Table 1 Comparison of the subjects’ demographic characteristics in the test and control groups before the intervention
Results of reliability evaluation in repeated measurements
In the intervention group, ICC showed the acceptable reliability of all constructs, except for self-efficacy and action. All constructs had an acceptable reliability in the control group (Table 2). The results of repeated measure analysis of variance showed a significant difference in the scores of the constructs in the intervention and nonintervention groups before, immediately after, and 3 months after the intervention (Table 3).
Table 2 The ICC results of the study constructs in the intervention and nonintervention groups
Table 3 A descriptive summary of the construct scores at different time points in the study groups according to the results of repeated measure analysis of variance
The results of the present study showed that the elderly people’s knowledge about hypertension-controlling behaviors was 59% of the total score, in other words, they had a medium level of knowledge in this regard. This finding is in line with the results of a study conducted by Mahmoodi Rad21 that reported that the hypertensive individuals had weak knowledge of the disease symptoms.21 On the other hand, the mean score of self-care score was weak (36.5%) in comparison with the total score. The findings of a research by Barati et al7 demonstrated that the performance of the elderly with hypertension was <50% of the total score. Newell22 reported that self-care behaviors were moderately adopted by hypertensive people. Many other studies have confirmed that self-care performance is very weak in nonepidemic diseases including hypertension.23–26 The findings of our study showed an increase in the knowledge and performance scores in the test group after the intervention, which is compatible with the findings of Taghdisi et al20 on preventive behaviors in patients suffering from urinary infections and with the results of the study by Sharifi Rad et al27 about healthy nutrition education for patients with type II diabetes.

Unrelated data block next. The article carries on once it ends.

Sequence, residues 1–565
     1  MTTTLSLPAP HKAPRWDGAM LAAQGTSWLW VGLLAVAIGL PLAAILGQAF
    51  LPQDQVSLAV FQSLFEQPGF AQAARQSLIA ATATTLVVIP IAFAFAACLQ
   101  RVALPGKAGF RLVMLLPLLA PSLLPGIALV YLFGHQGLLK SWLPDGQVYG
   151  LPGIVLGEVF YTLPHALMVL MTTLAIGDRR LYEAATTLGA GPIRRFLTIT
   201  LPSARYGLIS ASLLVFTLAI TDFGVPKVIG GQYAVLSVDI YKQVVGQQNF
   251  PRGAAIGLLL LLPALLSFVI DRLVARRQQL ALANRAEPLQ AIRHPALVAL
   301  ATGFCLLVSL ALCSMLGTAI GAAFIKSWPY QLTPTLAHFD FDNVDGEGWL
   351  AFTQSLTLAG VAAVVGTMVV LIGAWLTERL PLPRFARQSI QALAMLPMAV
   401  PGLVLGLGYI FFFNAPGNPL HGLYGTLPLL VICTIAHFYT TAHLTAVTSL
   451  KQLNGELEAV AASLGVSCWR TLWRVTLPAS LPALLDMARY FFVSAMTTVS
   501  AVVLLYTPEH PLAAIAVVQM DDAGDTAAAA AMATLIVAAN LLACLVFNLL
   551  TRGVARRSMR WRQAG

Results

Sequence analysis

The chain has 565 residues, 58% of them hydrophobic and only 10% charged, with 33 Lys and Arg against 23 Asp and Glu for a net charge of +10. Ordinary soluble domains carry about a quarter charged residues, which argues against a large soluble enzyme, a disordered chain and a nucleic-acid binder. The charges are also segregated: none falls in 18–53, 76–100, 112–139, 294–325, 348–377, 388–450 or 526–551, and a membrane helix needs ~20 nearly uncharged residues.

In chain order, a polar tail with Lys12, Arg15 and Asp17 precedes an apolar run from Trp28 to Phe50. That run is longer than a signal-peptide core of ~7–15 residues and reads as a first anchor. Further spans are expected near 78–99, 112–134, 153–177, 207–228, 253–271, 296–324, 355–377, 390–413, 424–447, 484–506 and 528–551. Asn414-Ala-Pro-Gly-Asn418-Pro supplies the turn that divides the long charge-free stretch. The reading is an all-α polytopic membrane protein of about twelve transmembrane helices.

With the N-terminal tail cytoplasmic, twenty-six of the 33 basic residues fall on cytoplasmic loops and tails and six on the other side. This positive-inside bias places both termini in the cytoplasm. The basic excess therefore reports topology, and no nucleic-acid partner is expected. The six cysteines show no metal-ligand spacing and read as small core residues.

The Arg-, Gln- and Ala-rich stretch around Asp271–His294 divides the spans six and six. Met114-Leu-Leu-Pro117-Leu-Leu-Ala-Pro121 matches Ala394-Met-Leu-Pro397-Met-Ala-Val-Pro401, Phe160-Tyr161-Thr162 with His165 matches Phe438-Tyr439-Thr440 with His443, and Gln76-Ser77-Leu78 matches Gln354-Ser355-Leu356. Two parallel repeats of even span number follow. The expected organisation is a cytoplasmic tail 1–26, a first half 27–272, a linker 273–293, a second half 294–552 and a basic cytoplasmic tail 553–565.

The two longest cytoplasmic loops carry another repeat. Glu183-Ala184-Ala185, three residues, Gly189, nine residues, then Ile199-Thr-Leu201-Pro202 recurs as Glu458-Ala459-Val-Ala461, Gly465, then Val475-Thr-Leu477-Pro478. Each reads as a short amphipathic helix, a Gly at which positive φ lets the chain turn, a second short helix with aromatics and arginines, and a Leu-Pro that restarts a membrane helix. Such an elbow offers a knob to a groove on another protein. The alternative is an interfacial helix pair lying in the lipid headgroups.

According to the present study and with regard to demographic factors, it may be concluded that self-care performance was significantly higher in male versus female participants. Perceived barriers were higher in female participants. Barati et al7 and Baghiyani Moghaddam et al28 reported that in patients with hypertension, men were more committed to self-regulatory performances than women because of the higher perceived self-efficacy in men due to social factors, roles, and opportunities.23
The present study revealed that the participants’ knowledge and performance had a significant relationship with their educational level. Other studies have also demonstrated that self-care behaviors in nonepidemic diseases, including hypertension, are in direct relationship with the patients’ educational level.15,23,28,29 An increase in the educational level is accompanied by higher awareness, more sense of responsibility, self-efficacy improvement, and an increase in judgment and decision-making ability. More knowledge and awareness would lead to a better practice. The study of Zhang et al29 has introduced awareness about being hypertensive as factor that contribute to the control of blood pressure. A systematic review has also showed that inadequate knowledge about cardiovascular disease impairs the adherence to medicine intake.30
Another demographic factor that was related to the self-care performance was the marital status. Our study showed better self-care among married individuals, which is congruent with the findings of the study performed by Barati et al.7 According to previous studies, married individuals are more concerned with self-care and self-regulatory behaviors due to the vital role of family in informational, value, and emotional support.7,31